A new research study by a group of academics from a range of countries has looked at claims made by the aviation industry that it will achieve substantial carbon savings in future. They conclude that many of these claims could be described as “myths” as they have often just been used to give favourable publicity to the industry, before rapidly being proven to be over-hyped. Some of these technologies are alternative fuels, such as animal fats or jatropha; also solar power planes; or new forms of aircraft. None of these hoped-for technologies have any likelihood of making more than small contributions to future fuel efficiency. At best, they will be small improvements per plane – set against far larger growth of the industry – resulting in a large overall increase in carbon emissions. The authors make the point that the hype and the positive media coverage that the “myth” technologies permit are damaging. The unrealistic hopes for low carbon flying in future convinces politicians (who maybe happy to be so persuaded) to give the industry the benefit of the doubt, and permit its continuing growth – ever hoping for a marvellous new technology, just around the corner, which will lead to “sustainable” flying. The unjustifiably optimistic PR of the industry has implications for decisions such as that of a new runway in the south east.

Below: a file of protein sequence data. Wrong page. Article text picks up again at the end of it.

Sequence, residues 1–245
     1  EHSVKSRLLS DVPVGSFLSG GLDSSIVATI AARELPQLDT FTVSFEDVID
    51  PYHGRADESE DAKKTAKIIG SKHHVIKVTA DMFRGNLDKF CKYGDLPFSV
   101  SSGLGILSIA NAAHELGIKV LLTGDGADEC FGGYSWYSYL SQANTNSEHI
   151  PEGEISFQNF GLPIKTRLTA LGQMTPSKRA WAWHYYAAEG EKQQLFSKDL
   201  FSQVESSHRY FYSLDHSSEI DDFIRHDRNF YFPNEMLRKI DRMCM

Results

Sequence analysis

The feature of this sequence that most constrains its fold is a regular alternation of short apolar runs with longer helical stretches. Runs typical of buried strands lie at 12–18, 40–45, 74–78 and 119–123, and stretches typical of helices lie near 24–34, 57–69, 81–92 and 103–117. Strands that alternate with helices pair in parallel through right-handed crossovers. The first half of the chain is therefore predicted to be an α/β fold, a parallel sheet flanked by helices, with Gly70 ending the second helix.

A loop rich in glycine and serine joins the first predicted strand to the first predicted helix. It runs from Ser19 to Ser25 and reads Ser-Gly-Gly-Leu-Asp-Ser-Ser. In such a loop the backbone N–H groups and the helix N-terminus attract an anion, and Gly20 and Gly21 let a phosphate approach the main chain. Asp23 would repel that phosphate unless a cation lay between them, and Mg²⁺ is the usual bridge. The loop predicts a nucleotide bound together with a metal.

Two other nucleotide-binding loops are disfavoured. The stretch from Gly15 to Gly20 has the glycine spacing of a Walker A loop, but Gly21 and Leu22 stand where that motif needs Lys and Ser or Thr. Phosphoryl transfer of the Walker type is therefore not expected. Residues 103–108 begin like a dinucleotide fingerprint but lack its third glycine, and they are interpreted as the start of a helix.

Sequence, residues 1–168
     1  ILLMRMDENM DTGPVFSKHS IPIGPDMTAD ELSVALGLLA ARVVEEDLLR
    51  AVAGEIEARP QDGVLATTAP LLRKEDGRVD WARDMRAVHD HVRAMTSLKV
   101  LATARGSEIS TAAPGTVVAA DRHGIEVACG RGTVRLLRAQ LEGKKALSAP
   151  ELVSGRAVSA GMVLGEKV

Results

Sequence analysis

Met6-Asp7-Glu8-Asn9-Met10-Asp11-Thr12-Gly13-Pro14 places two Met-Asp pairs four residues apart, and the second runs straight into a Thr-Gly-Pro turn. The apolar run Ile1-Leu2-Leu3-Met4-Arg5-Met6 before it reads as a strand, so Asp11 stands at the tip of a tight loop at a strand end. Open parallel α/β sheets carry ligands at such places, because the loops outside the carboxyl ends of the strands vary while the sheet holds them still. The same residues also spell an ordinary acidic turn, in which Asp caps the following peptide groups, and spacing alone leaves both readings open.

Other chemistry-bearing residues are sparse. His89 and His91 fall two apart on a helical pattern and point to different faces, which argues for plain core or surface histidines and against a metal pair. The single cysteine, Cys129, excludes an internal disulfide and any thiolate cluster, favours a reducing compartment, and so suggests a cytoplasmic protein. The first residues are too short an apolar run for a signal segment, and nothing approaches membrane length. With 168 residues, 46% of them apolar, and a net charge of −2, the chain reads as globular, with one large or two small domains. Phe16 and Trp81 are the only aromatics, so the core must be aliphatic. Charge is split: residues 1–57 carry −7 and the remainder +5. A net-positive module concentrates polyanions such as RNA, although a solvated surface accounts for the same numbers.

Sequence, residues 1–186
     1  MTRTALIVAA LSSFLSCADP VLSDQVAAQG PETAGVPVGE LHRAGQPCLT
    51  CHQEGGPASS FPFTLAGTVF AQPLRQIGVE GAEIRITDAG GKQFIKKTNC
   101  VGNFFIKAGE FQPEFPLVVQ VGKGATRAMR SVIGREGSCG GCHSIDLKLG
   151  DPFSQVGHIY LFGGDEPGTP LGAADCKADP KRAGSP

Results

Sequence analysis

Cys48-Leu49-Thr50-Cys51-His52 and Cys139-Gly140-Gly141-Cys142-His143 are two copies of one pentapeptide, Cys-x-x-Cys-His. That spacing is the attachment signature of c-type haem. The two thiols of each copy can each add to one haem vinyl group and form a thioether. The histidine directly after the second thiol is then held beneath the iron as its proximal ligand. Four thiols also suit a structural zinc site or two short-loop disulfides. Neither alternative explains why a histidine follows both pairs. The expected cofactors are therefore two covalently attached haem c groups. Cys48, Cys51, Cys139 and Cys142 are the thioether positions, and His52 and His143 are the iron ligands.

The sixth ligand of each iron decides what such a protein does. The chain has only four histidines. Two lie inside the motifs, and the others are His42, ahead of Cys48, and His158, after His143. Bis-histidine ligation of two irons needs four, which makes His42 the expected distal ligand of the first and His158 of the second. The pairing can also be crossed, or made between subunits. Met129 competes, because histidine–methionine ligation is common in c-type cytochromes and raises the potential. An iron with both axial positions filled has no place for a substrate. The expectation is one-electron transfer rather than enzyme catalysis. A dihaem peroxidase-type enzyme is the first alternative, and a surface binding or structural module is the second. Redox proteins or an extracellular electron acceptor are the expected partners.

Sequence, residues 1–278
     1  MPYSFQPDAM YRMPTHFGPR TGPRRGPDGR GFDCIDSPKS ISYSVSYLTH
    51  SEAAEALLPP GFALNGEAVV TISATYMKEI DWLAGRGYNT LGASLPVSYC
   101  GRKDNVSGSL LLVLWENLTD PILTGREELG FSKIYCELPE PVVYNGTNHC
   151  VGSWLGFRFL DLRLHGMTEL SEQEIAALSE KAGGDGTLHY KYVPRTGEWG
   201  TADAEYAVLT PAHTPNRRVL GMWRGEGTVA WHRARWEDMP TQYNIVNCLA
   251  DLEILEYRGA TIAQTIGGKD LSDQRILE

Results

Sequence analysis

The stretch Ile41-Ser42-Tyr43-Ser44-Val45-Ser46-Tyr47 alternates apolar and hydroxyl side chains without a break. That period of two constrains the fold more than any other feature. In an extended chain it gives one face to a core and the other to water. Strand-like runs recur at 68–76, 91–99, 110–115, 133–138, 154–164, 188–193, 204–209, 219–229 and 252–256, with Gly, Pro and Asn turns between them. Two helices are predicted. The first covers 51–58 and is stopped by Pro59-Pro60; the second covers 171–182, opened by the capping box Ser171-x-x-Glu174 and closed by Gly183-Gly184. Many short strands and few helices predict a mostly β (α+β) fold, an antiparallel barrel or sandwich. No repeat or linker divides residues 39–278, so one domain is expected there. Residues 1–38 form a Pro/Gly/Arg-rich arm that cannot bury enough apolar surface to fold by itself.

They are an adamantly pro-aviation, pro-aviation expansion company, very eager to see a new runway at Heathrow.
Its customers are (almost) all airlines and airports http://www.rdcaviation.com/Customers/
Aviation Economics is the consultancy branch of RDC –http://www.aviationeconomics.com/Team.aspx
In the table below is a timeline going back to 1963 on successive UK Government’s procrastination on the runway issue.
From RDC Aviation